Provost discusses priority registration

Cameron Koch

Students and student representatives alike voiced their opinions of priority registration changes during the Student Government Association’s open forum on Tuesday.

Gordon Emslie, provost and vice president for Academic Affairs and University Registrar Freida Eggleton attended the meeting to answer questions from students and SGA.

The new system, which went into effect for spring registration, divides priority registration into two categories: tier 1 and tier 2. The first is determined by need, and the second is based on benefit.

Students who qualified for priority registration could only register for up to 16 credit hours. They then had the option to add more credit hours during open registration.

Seniors and graduate students still registered before those with priority registration but were not subject to the 16-credit hour limit.

Emslie began by speaking about the need for an overhaul of the priority registration system.

“The number of students [in the past] getting this special priority registration — not the graduating seniors — was getting up to 3,000 … if we added that to the graduating seniors, you are probably approaching half of the university population getting priority registration.”

Emslie said the new system was created to address this point and required groups to re-submit their need for priority registration status.

He said Tier One was reserved for students for whom priority registration was essential.

Tier One included “students, for example, who travel on Fridays or Mondays because they are athletes or they are on the forensics team, and therefore need classes in the Tuesday, Thursday time slot,” Emslie said.

Honors College students, he said, were determined to be in the tier 2, or benefit, category.

Certain students with disabilities are currently without priority registration privileges. While some groups — students with physical, deaf and visual impairments — do have priority registration, other students such as those with autism or other learning disabilities do not.

Emslie said this was because Student Disability Coordinator Matthew Davis had not submitted an application for them to receive priority status.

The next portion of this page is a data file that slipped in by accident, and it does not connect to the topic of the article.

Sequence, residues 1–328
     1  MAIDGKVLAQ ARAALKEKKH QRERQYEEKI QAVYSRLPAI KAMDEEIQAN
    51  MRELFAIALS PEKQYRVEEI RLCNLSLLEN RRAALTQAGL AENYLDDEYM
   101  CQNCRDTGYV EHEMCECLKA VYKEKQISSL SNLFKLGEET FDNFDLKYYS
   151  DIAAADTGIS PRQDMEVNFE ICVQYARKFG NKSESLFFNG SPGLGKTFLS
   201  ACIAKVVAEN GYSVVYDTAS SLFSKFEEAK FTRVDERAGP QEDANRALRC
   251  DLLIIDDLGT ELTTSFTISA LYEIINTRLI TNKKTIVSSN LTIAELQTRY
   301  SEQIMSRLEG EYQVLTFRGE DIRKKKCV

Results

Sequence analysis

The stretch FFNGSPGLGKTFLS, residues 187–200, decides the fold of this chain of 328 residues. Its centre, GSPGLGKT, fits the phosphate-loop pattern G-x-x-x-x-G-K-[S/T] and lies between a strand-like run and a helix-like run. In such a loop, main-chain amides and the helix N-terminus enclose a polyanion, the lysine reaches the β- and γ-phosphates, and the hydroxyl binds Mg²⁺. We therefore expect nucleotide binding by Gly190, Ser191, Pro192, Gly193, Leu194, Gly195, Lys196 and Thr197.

Marty Boman, associate professor and director of the Kelly Autism Program, was in attendance at the meeting.

“All students with disabilities have the right for prior registration,” Boman said. “Why Matt [Davis] didn’t include all [students with disabilities] I do not know, but there is clearly a lack of understanding of the stress and anxiety that does go along with our students…this is something that should be granted.”

Emslie said he didn’t disagree and that any group who wished to be considered for priority registration would need to submit for it, as the policy states.

Boman said she would file for priority registration status on behalf of disabled students.

Senator Tyler Scaff voiced concerns he had heard from honors students. He said several students had spoken to him about difficulty in registering for classes they needed as a result of being grouped in the Tier Two category.

He specifically said honors seniors were concerned because they do not have priority over regular seniors or graduate students and that some were delaying their graduation date or dropping out of the Honors College altogether.

Emslie said honors students in the past never had priority over other seniors.

“It’s the same as it always was,” Emslie said. “All seniors are equally important when it comes to graduating on time.”

Emslie said the policy could be brought under review, but it would have to go through all the procedures for changing university policy.

“To get to that level, I would have to see some pretty compelling evidence that students were in fact delaying graduation for a semester,” Emslie said. “That is actually pretty troubling for me to hear if that really is occurring.”